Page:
RAANANA, Israel -- The charismatic new leader of Israel's Jewish
religious right is siphoning a large chunk of votes from the prime
minister's party, according to polls ahead of Jan. 22 elections, and
if the trend continues, the high-tech millionaire and former
commando could emerge as a powerful voice opposing Palestinian
Though Naftali Bennett, the 40-year-old son of American
immigrants, is a classic religious hard-liner, comfortable in the
settlements he champions, he has been able to draw on his military
and entrepreneurial background to widen his appeal to secular
circles as well. His sprawling, modern home in Raanana, an upscale
suburb of Tel Aviv, is far from the barren hilltops of the West Bank
settlers who form the backbone of his support.
Polls show his Jewish Home party becoming the third-largest in
the upcoming parliament, behind Prime Minister Benjamin Netanyahu's
Likud-Yisrael Beitenu bloc and the centrist Labor. As Mr. Bennett's
party gains ground, it has been steadily eating into Netanyahu's
still-formidable lead. Several of Mr. Netanyahu's recent moves,
including a surge in settlement construction announcements, have
been attributed to the "Bennett factor."
Philosophically, Mr. Bennett and his party would fit easily into
a hardline government of the type Mr. Netanyahu is expected to put
together, though the political newcomer and the Israeli leader --
his former boss and political mentor -- have a history of bad blood
that deepened over this past week.
Mr. Bennett's campaign has enlivened an otherwise drab election
season. The Jewish Home party currently has five seats in the 120-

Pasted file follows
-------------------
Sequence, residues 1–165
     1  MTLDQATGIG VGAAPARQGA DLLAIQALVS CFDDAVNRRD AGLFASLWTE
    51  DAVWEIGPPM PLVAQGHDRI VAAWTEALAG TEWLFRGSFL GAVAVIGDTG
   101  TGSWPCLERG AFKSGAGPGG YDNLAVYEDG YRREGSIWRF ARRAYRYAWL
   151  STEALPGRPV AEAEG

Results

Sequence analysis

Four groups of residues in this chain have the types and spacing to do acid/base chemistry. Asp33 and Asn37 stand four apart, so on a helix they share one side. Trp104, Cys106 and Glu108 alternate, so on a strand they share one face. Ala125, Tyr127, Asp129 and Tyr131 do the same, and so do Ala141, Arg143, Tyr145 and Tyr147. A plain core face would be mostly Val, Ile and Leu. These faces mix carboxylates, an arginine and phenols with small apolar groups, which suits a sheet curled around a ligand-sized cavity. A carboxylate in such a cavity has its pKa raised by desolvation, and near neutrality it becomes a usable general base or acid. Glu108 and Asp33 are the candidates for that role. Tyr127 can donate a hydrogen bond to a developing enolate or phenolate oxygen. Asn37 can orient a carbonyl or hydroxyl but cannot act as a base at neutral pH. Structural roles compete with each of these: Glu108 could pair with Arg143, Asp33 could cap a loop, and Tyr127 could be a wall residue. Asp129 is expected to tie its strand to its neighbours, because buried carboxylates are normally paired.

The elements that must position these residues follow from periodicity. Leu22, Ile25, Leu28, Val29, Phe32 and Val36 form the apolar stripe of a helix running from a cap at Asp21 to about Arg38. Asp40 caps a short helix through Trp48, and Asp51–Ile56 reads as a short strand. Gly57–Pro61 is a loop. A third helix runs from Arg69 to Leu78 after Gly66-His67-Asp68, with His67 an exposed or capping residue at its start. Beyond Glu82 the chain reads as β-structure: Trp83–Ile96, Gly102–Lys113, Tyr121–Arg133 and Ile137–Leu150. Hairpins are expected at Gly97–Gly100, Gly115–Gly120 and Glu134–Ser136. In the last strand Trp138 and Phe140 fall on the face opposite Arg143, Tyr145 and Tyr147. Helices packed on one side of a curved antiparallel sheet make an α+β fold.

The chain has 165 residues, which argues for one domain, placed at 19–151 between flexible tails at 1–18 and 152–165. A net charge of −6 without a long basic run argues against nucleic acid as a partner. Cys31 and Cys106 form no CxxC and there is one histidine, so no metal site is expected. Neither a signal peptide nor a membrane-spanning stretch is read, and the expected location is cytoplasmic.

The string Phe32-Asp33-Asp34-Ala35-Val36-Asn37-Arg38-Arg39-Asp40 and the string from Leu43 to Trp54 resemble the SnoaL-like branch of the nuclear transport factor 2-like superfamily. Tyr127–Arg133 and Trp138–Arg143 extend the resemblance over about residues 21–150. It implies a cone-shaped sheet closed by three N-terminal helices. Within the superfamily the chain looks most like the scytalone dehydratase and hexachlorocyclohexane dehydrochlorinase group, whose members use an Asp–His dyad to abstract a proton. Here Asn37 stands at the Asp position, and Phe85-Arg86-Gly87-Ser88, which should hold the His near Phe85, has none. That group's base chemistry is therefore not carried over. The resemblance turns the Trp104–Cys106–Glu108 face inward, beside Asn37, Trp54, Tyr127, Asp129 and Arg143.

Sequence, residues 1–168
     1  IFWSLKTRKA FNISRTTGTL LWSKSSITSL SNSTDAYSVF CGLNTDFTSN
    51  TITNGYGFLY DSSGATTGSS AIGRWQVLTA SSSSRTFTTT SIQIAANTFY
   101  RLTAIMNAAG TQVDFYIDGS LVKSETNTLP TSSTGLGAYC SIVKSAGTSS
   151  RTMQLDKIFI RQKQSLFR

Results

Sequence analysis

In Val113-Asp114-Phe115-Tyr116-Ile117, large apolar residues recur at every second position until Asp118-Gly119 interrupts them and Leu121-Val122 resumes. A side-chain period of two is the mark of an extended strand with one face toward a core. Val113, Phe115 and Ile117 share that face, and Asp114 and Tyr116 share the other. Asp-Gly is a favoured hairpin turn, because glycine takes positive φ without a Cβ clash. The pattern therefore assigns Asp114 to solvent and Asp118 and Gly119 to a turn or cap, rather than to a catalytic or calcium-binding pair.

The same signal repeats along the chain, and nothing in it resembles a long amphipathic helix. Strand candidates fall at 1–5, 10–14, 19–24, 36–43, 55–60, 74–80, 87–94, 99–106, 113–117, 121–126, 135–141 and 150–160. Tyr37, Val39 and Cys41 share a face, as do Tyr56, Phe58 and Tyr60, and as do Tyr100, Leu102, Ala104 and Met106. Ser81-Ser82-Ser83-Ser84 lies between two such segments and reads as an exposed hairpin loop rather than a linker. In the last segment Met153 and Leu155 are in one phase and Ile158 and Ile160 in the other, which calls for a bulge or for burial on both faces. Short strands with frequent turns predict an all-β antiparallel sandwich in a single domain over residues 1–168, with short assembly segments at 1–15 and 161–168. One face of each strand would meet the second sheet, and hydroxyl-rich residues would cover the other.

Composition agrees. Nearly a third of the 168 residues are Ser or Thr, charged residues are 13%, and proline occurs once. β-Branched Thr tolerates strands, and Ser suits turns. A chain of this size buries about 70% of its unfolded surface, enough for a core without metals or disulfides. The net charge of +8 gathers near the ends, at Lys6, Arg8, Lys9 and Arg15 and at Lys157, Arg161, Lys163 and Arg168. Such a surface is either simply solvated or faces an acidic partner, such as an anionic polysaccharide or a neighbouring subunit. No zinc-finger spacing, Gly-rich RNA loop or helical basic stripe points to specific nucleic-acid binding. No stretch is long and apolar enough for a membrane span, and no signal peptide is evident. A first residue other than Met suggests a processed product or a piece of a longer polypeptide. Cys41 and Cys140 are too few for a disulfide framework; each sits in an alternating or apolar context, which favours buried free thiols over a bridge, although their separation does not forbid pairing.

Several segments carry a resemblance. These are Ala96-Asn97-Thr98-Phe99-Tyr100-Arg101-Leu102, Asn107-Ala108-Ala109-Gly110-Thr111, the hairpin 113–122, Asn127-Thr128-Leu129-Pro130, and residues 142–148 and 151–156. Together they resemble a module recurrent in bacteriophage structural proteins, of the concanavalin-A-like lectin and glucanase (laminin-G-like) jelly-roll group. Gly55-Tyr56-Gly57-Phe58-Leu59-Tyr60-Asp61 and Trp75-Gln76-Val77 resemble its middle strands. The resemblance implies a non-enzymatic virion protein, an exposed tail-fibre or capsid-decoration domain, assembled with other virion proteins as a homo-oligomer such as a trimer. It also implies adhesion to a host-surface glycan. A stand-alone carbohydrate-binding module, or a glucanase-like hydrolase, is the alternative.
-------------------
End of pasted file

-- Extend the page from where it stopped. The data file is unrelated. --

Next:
member parliament, but polls since Bennett took over the leadership
show it could win up to 15 in the election. Mr. Bennett says his
goal is to broaden the base of his party by appealing to centrist,
secular voters alongside the traditional backing of settlers and
His political message, however, doesn't sound centrist.
"My positions are very clear: I never hide the fact that I
categorically oppose a Palestinian state inside our country," Mr.
Bennett told The Associated Press in a telephone interview. In the
terminology of religiously devout hard-liners, "our country" means
not only Israel, but also the West Bank and Gaza Strip, which the
Palestinians hopes to incorporate into a future state, with east
Jerusalem as its capital.
Mr. Bennett takes pride in his straight-talking campaign and
accuses other politicians -- including Netanyahu -- of being
Mr. Bennett, a father of four, also has an image perhaps more
palatable to the Tel Aviv hipsters he hopes to target: Success on
their secular terms.
After serving in the elite Sayeret Matkal commando unit, Mr.
Bennett made a fortune in the largely secular world of high
technology. In 1999, he co-founded Cyota, an anti-fraud software
company that he sold in 2005 to U.S.-based RSA Security for $145
million. He says he is living in Raanana, rather than a settlement,
for unspecified "personal reasons."
"There is a huge gap between is appearance and his content," said
Amnon Abramovitch, a veteran political commentator for Israel's
Channel 2 TV. "He looks very modern, he speaks very liberally, but
his messages are very extreme."
Political columnist Sima Kadmon said Mr. Bennett's clean, family
image and modern lifestyle blind some of his supporters to his hard-
line positions. …